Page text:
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In this practical guide, you’ll learn how to leverage the power of the command line for doing data science. By combining small, yet powerful, command-line tools, you can quickly obtain, scrub, explore, and model your data. Even if you’re already comfortable processing data with R or Python, being able to integrate the command line into your existing workflow will make you a more efficient and productive data scientist.
Learn essential concepts and built-in commands of the *nix command line
Get started with your own Data Science Toolbox on either Linux, Mac OS X, or Microsoft Windows
Use classic command-line tools such as grep, sed, and awk
Obtain data from websites, APIs, databases, and spreadsheets
Parallelize and distribute data-intensive pipelines to remote machines, including AWS EC2
Clean data in CSV, JSON, and XML/HTML formats using csvkit, and jq, and scrape
Apply dimensionality reduction, clustering, regression, and classification algorithms
Visualize data and results from the command line using gnuplot and ggplot
Turn Bash one-liners and existing Python and R code into reusable command-line tools
Jeroen Janssens is a senior data scientist at YPlan in New York City. His specialties are in machine learning, anomaly detection, and data visualization. Jeroen is passionate about building open source tools for doing data science. He obtained a B.Sc. in Life Sciences and an M.Sc. in Artificial Intelligence, both cum laude from Maastricht University, the Netherlands. Jeroen completed his Ph.D. in Machine Learning at the Tilburg center for Cognition and Communication, Tilburg University. Outside of work, you may find him biking the Brooklyn Bridge, beatboxing, or eating stroopwafels.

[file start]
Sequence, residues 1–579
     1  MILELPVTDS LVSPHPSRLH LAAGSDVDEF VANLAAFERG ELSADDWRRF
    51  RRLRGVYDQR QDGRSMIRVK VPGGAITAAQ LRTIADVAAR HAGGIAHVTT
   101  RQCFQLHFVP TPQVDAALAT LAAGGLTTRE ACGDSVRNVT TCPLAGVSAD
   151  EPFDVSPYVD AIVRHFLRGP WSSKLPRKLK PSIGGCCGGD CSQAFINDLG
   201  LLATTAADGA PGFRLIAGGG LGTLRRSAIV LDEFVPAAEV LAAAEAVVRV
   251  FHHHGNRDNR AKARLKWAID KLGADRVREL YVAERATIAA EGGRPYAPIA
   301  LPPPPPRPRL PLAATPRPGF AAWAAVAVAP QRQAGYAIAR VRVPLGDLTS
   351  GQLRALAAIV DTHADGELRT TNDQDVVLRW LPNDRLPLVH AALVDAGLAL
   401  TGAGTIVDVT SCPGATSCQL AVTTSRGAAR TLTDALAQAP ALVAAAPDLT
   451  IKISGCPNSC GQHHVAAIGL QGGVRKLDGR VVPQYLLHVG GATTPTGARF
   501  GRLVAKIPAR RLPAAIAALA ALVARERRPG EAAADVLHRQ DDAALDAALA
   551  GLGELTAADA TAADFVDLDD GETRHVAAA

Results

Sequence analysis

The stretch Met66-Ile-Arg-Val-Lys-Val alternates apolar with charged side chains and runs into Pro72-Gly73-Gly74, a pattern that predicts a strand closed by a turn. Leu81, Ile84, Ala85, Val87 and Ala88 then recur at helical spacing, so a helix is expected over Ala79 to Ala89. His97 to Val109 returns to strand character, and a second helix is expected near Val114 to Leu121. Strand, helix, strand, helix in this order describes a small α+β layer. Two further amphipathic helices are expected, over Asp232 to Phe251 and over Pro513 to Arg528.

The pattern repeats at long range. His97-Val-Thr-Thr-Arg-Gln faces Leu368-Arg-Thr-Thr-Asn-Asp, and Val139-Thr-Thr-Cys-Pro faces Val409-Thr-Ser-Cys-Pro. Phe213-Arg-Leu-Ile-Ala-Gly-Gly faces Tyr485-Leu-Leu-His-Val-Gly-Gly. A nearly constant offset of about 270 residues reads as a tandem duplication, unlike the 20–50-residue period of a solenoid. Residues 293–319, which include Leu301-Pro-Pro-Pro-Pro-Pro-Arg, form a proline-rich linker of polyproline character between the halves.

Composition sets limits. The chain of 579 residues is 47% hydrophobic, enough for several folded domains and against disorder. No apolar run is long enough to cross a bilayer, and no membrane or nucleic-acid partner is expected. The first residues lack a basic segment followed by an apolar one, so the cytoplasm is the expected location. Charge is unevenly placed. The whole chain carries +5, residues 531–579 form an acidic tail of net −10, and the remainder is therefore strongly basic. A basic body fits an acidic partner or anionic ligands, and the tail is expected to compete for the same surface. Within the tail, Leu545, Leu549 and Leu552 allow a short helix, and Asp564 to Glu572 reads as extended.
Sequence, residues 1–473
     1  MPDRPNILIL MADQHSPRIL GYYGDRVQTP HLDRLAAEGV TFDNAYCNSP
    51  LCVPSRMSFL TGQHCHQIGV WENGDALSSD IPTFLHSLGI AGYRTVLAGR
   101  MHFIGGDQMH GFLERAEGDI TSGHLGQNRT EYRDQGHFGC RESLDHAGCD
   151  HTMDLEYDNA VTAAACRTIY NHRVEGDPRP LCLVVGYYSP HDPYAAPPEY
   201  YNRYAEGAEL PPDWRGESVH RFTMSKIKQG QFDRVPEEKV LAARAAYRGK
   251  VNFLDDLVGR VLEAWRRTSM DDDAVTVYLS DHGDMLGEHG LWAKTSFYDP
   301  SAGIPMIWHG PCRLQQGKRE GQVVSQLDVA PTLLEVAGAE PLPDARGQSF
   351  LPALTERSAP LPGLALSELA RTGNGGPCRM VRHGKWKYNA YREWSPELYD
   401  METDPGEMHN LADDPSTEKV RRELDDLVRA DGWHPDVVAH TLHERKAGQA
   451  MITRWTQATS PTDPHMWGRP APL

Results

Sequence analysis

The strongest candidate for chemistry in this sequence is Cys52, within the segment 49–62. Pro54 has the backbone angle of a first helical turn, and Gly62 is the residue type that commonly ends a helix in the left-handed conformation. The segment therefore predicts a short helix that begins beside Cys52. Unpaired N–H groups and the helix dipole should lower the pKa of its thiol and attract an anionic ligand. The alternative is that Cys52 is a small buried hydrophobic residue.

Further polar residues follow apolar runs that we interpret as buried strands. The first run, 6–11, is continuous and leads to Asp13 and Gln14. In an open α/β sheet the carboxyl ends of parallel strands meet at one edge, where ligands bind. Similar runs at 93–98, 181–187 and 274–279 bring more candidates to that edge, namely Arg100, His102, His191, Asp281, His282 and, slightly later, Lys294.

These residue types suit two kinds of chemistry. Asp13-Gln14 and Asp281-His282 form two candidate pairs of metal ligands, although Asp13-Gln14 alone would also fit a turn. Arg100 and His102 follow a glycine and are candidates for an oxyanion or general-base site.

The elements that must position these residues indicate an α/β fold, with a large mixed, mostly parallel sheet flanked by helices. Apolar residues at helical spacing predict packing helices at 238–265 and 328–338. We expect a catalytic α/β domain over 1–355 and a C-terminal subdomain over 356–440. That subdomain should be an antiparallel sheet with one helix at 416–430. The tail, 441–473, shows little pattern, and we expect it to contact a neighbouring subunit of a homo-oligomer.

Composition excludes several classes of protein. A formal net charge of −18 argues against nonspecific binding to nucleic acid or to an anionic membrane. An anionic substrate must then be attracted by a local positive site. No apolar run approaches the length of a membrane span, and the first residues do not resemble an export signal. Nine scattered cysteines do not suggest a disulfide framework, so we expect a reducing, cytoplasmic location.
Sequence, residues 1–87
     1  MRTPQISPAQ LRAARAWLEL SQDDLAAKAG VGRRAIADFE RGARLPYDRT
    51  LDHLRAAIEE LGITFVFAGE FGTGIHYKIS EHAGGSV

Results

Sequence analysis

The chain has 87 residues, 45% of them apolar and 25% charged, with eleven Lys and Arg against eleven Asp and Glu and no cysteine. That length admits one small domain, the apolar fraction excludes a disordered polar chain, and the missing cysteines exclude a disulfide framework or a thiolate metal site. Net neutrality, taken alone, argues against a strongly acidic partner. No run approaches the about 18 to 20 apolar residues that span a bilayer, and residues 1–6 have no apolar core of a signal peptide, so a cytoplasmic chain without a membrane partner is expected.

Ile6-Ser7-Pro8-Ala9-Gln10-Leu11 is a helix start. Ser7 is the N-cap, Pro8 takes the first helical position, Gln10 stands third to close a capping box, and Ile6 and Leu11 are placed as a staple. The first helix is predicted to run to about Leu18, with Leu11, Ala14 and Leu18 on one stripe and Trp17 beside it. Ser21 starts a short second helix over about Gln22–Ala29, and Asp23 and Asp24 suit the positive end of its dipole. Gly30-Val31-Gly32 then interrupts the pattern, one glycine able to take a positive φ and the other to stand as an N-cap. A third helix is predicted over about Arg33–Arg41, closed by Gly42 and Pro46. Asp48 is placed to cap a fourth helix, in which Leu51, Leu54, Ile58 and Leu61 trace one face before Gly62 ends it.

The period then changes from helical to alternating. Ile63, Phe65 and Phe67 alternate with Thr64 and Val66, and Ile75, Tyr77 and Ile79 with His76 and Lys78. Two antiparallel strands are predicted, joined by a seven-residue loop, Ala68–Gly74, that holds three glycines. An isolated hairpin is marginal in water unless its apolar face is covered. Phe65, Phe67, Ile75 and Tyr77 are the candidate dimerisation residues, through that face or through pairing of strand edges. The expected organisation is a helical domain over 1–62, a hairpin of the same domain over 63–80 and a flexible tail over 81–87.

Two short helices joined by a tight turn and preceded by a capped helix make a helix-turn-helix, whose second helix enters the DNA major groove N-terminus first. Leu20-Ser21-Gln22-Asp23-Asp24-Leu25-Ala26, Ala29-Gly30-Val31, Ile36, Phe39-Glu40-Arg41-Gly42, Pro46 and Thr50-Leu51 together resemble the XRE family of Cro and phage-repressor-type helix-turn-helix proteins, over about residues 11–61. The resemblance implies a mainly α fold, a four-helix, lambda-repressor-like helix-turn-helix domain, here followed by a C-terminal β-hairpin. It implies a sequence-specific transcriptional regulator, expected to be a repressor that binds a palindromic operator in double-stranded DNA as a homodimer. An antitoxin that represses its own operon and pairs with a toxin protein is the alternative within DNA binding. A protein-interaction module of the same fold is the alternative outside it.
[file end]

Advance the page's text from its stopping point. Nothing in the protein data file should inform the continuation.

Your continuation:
Comments about oreilly Data Science at the Command Line:
The book subject got my attention as I do quite a bit of data wrangling on command line myself using standard unix commands. I was interested to see if the Author has more interesting stuff to offer. It's a bit early to say but the book looks good so far and I think the book will improve as it progresses. Chapter 4 is the best by far and I would love to see Author continuing in the same direction. Section 'Converting One-liners into Shell Scripts' is the case in point because majority of programmers take that path and is quite familiar. Chapter 2 Getting started is too elaborate with too many screen shots, and can be shortened considerably. The Author can direct the reader to the companion website for more details as the book can quickly get out of sync!
In general this book is recommended even for non data scientists who need to wrangle data in their daily work leveraging the superb linux command line tools!
Bottom Line Yes, I would recommend this to a friend